A week in the Emerald Isle

A few weeks before our return to the US, we decided on the spur of the moment to spend our last week in Europe in Ireland (due to a combination of cheap flights and dwindling days in the Schengen zone). We arrived and departed on gorgeous sunny days – and in between met a steady diet of rain and clouds with occasional sunbursts (and regular infusions of blood pudding in our full Irish breakfasts).

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IMG_2477Our week was pleasant nonetheless, driving roads that were sometimes a touch too narrow for comfort but enjoying friendly people, bucolic scenery, and tasty food. My favorite part was probably the ruined abbeys we wandered through, set in places ranging from a cow pasture to a golf course to the edge of the suburbs and with enough walls and remnants of windows to be a poignant reminder of their past glories.

IMG_2290On day 1, we ate raisin scones with jam and clotted cream as we drove a scenic hilltop road through tussocked high plateaus from Dublin to coastal Wicklow.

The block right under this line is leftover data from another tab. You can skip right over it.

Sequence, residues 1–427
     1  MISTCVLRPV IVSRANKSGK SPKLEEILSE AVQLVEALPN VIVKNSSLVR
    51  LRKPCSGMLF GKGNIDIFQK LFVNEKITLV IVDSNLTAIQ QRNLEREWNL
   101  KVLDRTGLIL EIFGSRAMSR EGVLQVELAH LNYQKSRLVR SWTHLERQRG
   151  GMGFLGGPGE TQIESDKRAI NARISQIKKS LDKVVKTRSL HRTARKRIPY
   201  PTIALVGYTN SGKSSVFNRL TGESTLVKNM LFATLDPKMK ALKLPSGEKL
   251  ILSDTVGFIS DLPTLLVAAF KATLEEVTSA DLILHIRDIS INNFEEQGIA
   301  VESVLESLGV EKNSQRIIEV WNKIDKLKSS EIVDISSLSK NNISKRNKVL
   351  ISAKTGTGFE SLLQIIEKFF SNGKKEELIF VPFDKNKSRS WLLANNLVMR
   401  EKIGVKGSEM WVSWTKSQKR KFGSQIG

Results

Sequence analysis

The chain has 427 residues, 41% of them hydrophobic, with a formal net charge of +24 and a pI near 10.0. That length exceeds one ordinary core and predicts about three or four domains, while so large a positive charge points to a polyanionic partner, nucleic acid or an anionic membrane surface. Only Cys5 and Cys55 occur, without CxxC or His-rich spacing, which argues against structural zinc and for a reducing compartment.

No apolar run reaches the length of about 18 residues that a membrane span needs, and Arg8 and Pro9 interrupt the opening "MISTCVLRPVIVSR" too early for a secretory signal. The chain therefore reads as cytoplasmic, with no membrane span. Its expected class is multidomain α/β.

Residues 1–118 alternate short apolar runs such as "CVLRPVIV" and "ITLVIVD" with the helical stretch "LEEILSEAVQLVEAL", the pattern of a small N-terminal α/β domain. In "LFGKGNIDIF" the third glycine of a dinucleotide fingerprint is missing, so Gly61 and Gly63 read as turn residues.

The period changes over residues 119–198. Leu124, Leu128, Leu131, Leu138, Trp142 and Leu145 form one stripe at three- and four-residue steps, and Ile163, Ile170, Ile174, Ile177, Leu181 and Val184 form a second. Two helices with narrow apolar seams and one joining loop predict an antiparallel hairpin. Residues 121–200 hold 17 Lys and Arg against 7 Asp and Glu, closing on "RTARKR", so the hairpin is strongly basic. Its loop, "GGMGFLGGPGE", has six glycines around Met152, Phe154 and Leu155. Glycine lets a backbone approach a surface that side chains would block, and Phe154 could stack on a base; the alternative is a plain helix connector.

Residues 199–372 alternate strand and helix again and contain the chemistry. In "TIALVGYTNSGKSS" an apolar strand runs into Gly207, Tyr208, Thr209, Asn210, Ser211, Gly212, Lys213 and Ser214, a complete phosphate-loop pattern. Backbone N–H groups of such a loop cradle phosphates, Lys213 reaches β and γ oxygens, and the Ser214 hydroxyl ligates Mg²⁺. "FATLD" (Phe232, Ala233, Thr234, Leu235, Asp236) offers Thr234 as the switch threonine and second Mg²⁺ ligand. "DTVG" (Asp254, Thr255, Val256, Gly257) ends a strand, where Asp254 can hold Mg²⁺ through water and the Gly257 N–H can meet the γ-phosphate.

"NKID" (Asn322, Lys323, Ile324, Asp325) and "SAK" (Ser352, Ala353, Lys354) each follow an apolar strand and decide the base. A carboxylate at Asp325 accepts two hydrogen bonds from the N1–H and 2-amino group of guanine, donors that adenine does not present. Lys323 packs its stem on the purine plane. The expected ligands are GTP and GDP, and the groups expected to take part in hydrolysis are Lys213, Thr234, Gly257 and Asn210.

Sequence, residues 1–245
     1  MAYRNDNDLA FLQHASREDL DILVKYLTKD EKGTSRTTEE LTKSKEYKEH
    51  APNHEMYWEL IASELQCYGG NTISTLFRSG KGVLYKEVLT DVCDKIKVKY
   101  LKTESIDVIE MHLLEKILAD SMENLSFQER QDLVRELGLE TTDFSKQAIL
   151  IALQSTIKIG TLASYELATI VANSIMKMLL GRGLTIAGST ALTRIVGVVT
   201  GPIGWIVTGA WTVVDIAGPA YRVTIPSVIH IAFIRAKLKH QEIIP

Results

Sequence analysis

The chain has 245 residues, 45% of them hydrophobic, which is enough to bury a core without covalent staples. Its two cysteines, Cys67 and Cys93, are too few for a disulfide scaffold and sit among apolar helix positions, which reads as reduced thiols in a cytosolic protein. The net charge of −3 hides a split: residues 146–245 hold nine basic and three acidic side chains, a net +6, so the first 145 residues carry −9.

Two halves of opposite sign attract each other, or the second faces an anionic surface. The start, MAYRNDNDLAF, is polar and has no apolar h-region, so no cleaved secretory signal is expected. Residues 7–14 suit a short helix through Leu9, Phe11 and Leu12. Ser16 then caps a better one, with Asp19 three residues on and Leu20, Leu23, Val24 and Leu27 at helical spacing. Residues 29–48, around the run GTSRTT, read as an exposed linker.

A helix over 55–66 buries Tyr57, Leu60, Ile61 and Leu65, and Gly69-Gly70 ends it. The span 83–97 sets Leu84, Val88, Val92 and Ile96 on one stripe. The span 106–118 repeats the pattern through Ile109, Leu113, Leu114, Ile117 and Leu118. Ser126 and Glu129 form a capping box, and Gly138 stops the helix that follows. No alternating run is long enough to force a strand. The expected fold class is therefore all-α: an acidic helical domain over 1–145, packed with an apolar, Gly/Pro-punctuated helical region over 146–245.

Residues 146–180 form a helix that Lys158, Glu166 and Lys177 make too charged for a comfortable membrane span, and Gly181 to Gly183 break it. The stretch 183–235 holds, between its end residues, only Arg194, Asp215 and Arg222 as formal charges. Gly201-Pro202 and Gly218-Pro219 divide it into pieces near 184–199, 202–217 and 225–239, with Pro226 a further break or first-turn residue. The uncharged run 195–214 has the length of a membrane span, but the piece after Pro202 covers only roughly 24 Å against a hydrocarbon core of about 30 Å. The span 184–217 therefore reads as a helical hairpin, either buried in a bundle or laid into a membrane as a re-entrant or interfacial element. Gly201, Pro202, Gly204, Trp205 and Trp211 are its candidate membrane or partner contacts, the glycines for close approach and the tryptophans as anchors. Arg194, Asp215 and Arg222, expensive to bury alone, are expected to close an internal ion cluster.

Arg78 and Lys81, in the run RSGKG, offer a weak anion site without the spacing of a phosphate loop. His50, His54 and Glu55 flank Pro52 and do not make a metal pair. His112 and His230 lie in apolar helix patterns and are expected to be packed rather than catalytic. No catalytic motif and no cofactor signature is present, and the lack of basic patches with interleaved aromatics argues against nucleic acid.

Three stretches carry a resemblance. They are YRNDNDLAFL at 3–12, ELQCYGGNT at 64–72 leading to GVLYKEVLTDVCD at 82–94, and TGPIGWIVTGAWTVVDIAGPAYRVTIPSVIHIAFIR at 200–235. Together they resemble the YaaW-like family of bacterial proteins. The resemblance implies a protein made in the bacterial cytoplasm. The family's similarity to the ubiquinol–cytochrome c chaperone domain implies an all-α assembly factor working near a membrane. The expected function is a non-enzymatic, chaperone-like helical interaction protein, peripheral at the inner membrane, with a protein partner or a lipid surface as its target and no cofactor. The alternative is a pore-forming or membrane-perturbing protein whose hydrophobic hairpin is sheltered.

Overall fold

IMG_2342On day 2, we hiked for several hours in Glendalough, home to a 7th-century monastery and now to an array of well-marked hiking paths (from which we naturally chose the longest, climbing up out of the valley and to forest roads and the long-distance Wicklow Way before descending back down to the abandoned mine and monastery remains), then spent the night in Kilkenny, a medieval castle town.

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Day 3 took us to the west coast, with stops in Cashel (hilltop castle! ruined abbey!) and Cahir (another castle!) en route. Our lodging for the next three nights was a fabulous B&B with soft sheets and gourmet breakfasts.

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We spent day 4 driving the Dingle peninsula in intermittent rain, clambering out for hikes on the promontories and enjoying views of fields and dramatic coastline. The bonus of all that rain was a rainbow at the end of the day, though we weren’t able to spot the leprechaun.